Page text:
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Pickle Me This

August 21, 2010

Alone With You by Marisa Silver

The very best pieces in Marisa Silver’s Alone With You are each expansive enough, containing more story than most novels do, so that the volume isn’t really slim; it only looks that way. Silver’s work has appeared in The New Yorker, she’s a winner of the O. Henry Prize, and has been much acclaimed for her novel The God of War. (It’s worth noting also that the New York Times review of this book is sets a benchmark for reviews we all should aspire to, and also that I don’t very many American short story collections, but now I digress…)

From the story “Night Train to Frankfurt”: “The fact of being was sometimes an unbearable mess and what was hoped for in life was so rarely reached. The shortfall between those two things was so much more fumbling and base than anything Helen had ever imagined.” And that shortfall, with all its fumbling, marks the development of most of these stories. They open up wide in the way that Alice Munro’s do, a decade passing in a paragraph break, and the narrative manages to never miss a beat.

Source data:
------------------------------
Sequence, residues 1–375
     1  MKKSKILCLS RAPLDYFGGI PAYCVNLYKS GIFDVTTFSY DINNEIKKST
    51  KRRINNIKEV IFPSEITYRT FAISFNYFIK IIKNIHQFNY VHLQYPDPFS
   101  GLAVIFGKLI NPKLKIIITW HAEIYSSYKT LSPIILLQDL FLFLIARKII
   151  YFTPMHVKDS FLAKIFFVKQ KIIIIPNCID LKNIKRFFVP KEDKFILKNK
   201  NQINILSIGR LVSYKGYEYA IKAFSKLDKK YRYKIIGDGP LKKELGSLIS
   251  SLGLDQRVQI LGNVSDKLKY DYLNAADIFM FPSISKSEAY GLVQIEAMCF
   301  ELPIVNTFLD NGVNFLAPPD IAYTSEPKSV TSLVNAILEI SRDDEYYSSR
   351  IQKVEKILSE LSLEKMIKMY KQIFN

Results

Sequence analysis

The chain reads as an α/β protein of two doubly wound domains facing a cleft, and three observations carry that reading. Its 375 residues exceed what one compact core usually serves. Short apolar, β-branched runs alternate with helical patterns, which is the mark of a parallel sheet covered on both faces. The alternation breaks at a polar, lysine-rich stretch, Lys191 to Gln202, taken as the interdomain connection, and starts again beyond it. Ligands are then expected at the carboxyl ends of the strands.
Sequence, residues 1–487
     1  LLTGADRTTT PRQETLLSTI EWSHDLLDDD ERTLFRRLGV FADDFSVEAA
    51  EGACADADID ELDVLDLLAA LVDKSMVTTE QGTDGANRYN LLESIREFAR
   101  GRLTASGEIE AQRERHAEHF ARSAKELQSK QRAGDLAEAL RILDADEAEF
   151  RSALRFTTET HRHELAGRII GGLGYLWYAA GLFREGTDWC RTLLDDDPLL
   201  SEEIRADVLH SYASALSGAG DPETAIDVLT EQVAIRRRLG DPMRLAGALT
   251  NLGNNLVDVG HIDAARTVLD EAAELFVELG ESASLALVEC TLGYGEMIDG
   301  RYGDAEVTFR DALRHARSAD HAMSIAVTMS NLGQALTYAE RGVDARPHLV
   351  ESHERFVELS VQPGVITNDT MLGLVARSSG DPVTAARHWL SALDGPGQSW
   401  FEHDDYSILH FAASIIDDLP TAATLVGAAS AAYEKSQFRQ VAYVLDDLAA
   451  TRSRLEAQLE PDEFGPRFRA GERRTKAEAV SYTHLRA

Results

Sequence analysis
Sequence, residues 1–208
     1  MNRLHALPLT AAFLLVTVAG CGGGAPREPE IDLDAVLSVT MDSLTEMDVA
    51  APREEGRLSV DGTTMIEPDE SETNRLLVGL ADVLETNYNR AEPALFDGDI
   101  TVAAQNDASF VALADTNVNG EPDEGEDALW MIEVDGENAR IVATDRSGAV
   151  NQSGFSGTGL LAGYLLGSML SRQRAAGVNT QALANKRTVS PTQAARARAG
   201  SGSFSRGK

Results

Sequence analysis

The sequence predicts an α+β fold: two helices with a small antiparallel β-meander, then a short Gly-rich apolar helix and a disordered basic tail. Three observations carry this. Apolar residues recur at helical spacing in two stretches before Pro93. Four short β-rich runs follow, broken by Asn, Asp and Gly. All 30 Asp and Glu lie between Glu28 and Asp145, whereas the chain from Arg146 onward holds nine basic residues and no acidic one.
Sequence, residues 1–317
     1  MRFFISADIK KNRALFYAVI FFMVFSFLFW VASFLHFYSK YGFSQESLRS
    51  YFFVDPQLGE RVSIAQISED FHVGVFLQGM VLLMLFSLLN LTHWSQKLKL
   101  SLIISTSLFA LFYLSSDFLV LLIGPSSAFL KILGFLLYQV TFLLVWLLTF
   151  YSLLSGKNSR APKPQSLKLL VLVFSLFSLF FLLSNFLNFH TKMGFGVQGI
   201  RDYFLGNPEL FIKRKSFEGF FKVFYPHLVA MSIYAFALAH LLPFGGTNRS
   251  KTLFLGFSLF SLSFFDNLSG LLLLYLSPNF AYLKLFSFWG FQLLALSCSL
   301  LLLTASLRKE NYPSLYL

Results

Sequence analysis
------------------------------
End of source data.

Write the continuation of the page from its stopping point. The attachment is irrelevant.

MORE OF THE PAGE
In “Pond”, the mother of a disabled adult child confront her daughter’s pregnancy, her husband hovering in the background of the narrative only to be brought to the foreground at the story’s conclusion, as he’s forced to confront what his relationship with his glorious grandson implies about his feelings for his imperfect daughter. In “Three Girls”, the penultimate moment in a single night telescopes a young girl into the future and a vision of her older sister: “In that moment, Connie had the idea that she wouldn’t know Jean when they were older, that when Jean left the family, she would leave Connie too, because Connie would remind her of things she didn’t want to remember.”

Helen, from “Night Train to Frankfurt” accompanies her mother on a last-ditch attempt to cure her cancer, and their whole relationship, with all its ambivalence and love, is encapsulated in that train compartment. “The Visitor” tells of Candy, a nurse in a Veteran’s Hospital, whose patient has lost his legs and one arm: “It was sad. Of course it was sad. But she didn’t feel sad. Sad was what people said they were in the face of tragedies as serious as suicide bombings or as minor as a lost earring. It as a word that people used to tidy up and put the problem out of sight.”

Marisa Silver, however, does not do tidiness or sentimentality. Her stories are sad, yes, but they contain everything (and unfaithful men in particular), and something is glorious in all their messiness, in the deliberate perfection of their tangle.

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